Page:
Project Groups purpose and role

I know there are a number of questions regarding project groups, but they all seem to either just end or suggest they’ve been addressed in a particular release or suggest that a particular role of it has been replace by something like lifecycles, and I’m just trying to figure out whether there is an easy way to do things that currently seem a bit problematic, and whether the way I’m doing things is the way things are intended to be used (or whether they have been deprecated in favor of other methods).


Currently I have about 40 projects in Octopus across a smattering of teams (if you’re looking to break them down probably 4 distinct teams). I have since the beginning created Project Groups to segment these in the GUI, and they show just fine both on the main dashboard and in the projects area. That is assuming you stick with the “All” option. If I have someone select fewer items because they aren’t interested in what the other 4 teams is doing, if I were to add a project to a group they would have interest in (because say someone has developed a new Windows service for that project), they have no way to know that it has been added (without happening to reconfigure the dashboard). To be clear the “Project Group” does show up in the multi-select, but there is no mechanism to select that project group. Or maybe putting it more succinctly, it SEEMS that by the design of the interface that there should be a mechanism to select a project group but there isn’t. And it appears it has been that way for a long time so that it hasn’t been an added feature or hasn’t been a issue to get upvoted makes it feel as though there is another way around it. This of course presents a similar issue in users/teams when assigning permissions except the interface is different and you have to remember what you had in each project group. With only 40 projects, I’m just looking for advice/suggestions on how people who have been using this for longer (or who have more projects) securely manage this without forgetting things.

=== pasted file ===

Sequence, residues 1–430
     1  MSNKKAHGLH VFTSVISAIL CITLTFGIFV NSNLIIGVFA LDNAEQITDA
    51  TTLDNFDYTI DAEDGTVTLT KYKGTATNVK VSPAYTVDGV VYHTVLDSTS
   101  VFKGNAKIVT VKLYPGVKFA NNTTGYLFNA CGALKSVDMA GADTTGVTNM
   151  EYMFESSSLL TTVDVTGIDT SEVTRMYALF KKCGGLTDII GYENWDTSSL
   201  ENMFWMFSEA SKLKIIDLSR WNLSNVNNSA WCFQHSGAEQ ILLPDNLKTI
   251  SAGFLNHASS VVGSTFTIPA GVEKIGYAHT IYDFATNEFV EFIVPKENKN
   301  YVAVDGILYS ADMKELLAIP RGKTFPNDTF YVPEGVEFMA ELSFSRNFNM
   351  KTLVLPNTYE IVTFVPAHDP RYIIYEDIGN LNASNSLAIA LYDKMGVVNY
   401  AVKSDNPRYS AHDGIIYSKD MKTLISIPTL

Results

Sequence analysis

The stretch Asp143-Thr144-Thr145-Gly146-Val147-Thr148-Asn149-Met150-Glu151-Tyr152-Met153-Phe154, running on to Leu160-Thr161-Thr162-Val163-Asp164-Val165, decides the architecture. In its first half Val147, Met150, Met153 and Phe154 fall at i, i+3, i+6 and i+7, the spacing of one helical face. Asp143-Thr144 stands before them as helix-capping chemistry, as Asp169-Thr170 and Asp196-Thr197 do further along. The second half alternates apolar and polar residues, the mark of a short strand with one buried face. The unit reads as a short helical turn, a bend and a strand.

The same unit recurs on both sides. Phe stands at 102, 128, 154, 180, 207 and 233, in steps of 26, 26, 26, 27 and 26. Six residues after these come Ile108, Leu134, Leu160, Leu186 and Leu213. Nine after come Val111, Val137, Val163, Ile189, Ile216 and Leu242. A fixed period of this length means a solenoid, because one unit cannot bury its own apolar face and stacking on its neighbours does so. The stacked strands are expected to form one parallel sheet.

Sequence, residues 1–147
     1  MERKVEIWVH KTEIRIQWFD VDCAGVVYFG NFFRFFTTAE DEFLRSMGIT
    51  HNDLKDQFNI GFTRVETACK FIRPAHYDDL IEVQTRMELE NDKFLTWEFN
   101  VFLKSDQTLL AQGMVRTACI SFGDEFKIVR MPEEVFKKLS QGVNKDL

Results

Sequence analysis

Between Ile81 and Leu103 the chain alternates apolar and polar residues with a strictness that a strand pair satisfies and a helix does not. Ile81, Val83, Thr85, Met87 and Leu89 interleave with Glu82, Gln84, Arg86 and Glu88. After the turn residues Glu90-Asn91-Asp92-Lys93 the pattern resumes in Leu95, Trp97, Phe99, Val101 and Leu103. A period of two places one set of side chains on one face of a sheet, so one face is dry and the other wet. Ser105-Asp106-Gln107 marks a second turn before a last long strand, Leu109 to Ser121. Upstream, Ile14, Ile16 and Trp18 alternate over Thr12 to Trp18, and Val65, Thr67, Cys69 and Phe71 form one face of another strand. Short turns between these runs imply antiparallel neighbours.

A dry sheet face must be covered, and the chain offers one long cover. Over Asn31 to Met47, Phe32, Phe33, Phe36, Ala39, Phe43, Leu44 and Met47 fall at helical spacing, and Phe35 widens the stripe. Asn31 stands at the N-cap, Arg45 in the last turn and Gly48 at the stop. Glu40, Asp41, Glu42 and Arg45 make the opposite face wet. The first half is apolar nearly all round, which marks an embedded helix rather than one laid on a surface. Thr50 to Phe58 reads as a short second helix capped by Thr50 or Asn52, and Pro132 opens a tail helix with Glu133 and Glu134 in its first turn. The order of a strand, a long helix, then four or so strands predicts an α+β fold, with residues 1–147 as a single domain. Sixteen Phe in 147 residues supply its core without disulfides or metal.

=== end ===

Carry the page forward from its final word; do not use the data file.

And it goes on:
That was in the GUI, which there is no “easy” way for me to address (at least for the view maybe I could rewrite the permissions but then I’m managing it in two places). Now when it comes to deployments, looking at the API, I think I should be able a way to deploy all of a project group. However when I was reading other discussions I thought (although now I can’t find it), that the mention was that this was going to be handled by lifecycles going forward. Which looking at how I’ve applied lifecycles would mean I need to rethink my application of them.

I don’t want to write something and find out there was a different intent (or something perhaps I’m missing). Project Groups seems like a great idea to help manage things that are connected, but from what I’ve been there for quite a while and some of the basic reasons for it being there haven’t been fleshed out. And it seems like it would be at a spot where it should be a pain point for others (it is for me) but hasn’t generally been seen as a problem by the majority, so it feels like I’m missing something like maybe a different way to do the same thing?